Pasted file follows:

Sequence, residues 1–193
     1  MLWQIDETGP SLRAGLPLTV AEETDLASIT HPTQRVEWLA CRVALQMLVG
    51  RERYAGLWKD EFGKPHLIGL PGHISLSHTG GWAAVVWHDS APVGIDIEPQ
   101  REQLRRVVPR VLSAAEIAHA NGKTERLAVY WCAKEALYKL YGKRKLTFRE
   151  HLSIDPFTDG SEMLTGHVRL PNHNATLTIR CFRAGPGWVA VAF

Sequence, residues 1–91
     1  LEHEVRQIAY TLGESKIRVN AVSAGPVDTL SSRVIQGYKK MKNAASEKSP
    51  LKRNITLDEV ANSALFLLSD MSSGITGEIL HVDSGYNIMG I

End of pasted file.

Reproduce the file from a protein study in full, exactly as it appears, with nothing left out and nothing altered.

Sequence, residues 1–193
     1  MLWQIDETGP SLRAGLPLTV AEETDLASIT HPTQRVEWLA CRVALQMLVG
    51  RERYAGLWKD EFGKPHLIGL PGHISLSHTG GWAAVVWHDS APVGIDIEPQ
   101  REQLRRVVPR VLSAAEIAHA NGKTERLAVY WCAKEALYKL YGKRKLTFRE
   151  HLSIDPFTDG SEMLTGHVRL PNHNATLTIR CFRAGPGWVA VAF

Sequence, residues 1–91
     1  LEHEVRQIAY TLGESKIRVN AVSAGPVDTL SSRVIQGYKK MKNAASEKSP
    51  LKRNITLDEV ANSALFLLSD MSSGITGEIL HVDSGYNIMG I